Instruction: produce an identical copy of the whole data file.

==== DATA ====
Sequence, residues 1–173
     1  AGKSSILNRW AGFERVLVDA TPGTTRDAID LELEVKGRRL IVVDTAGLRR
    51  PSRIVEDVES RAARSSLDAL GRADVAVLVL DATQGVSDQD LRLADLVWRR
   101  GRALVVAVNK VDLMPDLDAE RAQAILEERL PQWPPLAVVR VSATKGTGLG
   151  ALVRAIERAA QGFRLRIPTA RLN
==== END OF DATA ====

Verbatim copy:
Sequence, residues 1–173
     1  AGKSSILNRW AGFERVLVDA TPGTTRDAID LELEVKGRRL IVVDTAGLRR
    51  PSRIVEDVES RAARSSLDAL GRADVAVLVL DATQGVSDQD LRLADLVWRR
   101  GRALVVAVNK VDLMPDLDAE RAQAILEERL PQWPPLAVVR VSATKGTGLG
   151  ALVRAIERAA QGFRLRIPTA RLN